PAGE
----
[0017] Cell stack 40 comprises a plurality of cells (e.g., similar to cell 10 described above with reference to FIG. 1) encapsulated within sealed structures (not shown). The reactant water is received by manifolds or other types of conduits (not shown) that are in fluid communication with the cell components. An electrical source 42 is disposed in electrical communication with each cell within cell stack 40 to provide a driving force for the dissociation of the water.

[0018] Oxygen and water exit cell stack 40 via a common stream that recycles the oxygen and water to water source 32 where the oxygen is vented to the atmosphere. The hydrogen stream, which is entrained with water, exits cell stack 40 and is fed to a gas/liquid separator or phase separation tank, which is a hydrogen/water separation apparatus 44, hereinafter referred to as “separator 44,” where the gas and liquid phases are separated. The exiting hydrogen gas (having a lower water content than the hydrogen stream to separator 44) is optionally further dried at a drying unit 46, which may be, for example, a diffuser, a pressure swing absorber, desiccant, or the like.

[0019] Water with trace amounts of hydrogen entrained therein is returned to water source 32 from separator 44 through a low-pressure hydrogen separator 48. Low pressure hydrogen separator 48 allows hydrogen to escape from the water stream due to the reduced pressure, and also recycles water to water source 32 at a lower pressure than the water exiting separator 44. Separator 44 also includes a release 50, which may be a relief valve, to rapidly purge hydrogen to a hydrogen vent 52 when the pressure or pressure differential exceeds a pre-selected limit.

[0020] Hydrogen from drying unit 46 is fed to a hydrogen storage facility 54. Optional valves 56, 58, disposed at various points on the system lines, are configured to release hydrogen to vent 52 under certain conditions, while an optional check valve 60 prevents the backflow of hydrogen to drying unit 46 and separator 44.

[0021] Additional equipment that can be employed in system 30 includes a ventilation system (e.g., a fan, a blower, and the like), control mechanisms (e.g., sensor(s), switch (es), transducer(s), and the like), compressor(s), pump(s), valves (e.g., check valve(s), purge valve(s), relief valve(s), and the like), and filter(s), as well as combinations comprising at least one of the foregoing pieces of equipment.

[0022] Referring now to FIG. 3, one exemplary embodiment of separator 44 and its componentry is shown in greater detail. Separator 44 comprises various materials including metals, plastics, and combinations comprising at least one of the foregoing materials that preferably allow separator 44 to receive the gas/liquid stream at the pressure it exits the cell. Pressures can be up to and exceeding about 10,000 psi, with pressures of less than or equal to about 6,500 psi typical, pressures of less than or equal to about 2,500 psi more common, and pressures of about 1,000 psi to about 2,250 psi preferred. Metals that may be used to fabricate the various portions of separator 44 include, but are not limited to, ferrous materials (e.g., stainless steels and the like), titanium, nickel, and the like, as well as oxides, cermets, composites, alloys, and mixtures comprising at least one of the foregoing metals. Some possible plastics that may be used to fabricate the various portions of separator 44 include, but are not limited to, polycarbonates, polyethylenes, polypropylenes, and the like, as well as reaction products and mixtures comprising at least one of the foregoing plastics.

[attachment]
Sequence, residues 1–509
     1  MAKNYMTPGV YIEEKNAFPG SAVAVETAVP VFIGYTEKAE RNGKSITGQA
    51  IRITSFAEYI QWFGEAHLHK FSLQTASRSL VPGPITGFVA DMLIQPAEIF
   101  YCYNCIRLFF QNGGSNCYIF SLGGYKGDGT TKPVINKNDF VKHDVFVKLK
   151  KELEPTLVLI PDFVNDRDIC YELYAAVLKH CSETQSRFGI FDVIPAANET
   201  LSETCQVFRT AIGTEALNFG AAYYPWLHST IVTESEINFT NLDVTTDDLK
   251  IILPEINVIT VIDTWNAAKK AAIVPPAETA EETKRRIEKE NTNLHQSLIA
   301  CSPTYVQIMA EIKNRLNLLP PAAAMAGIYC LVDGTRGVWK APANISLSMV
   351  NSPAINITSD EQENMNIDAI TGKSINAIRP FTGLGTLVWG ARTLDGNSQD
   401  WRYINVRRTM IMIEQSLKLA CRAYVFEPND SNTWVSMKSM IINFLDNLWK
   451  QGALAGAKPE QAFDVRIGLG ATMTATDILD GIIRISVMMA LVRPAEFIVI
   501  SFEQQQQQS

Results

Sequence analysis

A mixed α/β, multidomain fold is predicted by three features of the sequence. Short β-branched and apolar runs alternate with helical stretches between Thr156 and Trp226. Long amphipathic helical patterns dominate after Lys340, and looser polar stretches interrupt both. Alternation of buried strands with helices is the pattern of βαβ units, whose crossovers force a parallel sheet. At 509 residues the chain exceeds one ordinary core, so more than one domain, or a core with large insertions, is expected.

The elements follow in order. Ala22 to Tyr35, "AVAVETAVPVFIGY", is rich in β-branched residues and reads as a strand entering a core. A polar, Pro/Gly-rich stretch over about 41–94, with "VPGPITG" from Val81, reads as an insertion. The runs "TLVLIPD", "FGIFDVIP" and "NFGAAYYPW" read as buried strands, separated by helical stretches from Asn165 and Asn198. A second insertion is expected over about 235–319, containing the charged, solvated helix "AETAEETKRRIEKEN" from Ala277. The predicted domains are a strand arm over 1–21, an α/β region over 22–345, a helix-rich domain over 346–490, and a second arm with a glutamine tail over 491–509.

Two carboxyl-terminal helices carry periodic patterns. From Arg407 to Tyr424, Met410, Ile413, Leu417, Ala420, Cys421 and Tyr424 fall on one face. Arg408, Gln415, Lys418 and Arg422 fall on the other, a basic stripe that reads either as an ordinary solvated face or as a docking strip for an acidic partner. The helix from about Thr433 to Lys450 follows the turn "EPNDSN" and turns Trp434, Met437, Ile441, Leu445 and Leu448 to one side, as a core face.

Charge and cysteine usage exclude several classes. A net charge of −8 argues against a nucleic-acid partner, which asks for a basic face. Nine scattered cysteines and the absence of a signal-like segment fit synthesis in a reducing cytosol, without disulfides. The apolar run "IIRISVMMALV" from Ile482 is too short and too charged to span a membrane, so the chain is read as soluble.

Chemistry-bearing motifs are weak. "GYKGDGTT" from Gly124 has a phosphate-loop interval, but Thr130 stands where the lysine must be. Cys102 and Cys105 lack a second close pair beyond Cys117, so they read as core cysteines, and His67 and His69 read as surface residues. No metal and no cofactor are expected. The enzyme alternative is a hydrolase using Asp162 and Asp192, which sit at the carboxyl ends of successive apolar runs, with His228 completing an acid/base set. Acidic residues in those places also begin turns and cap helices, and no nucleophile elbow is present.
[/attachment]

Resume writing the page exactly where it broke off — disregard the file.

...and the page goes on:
[0023] Separator 44, which is essentially a containment vessel, comprises a shell 68, a flange 67, and an end cap 65. A fluid inlet 72 for receiving the wet hydrogen stream from the cell stack is disposed at flange 67. Alternately, fluid inlet 72 may be disposed directly in shell 68 proximate the flange end of separator 44. In either configuration, fluid inlet 72 receives the wet hydrogen stream via a connector 73 disposed at a union 75 that is in fluid communication with the cell stack. A check valve (not shown) may be disposed within the wet hydrogen stream to prevent the backflow of water from separator 44. A liquid outlet 88 disposed either at flange 67 or proximate the flange end of separator 44 enables periodic drainage to allow the water collected in the vessel to be maintained at a selected level. Liquid outlet 88 is preferably disposed at the lowest point of separator 44 in order to effect the optimum drainage of separator 44.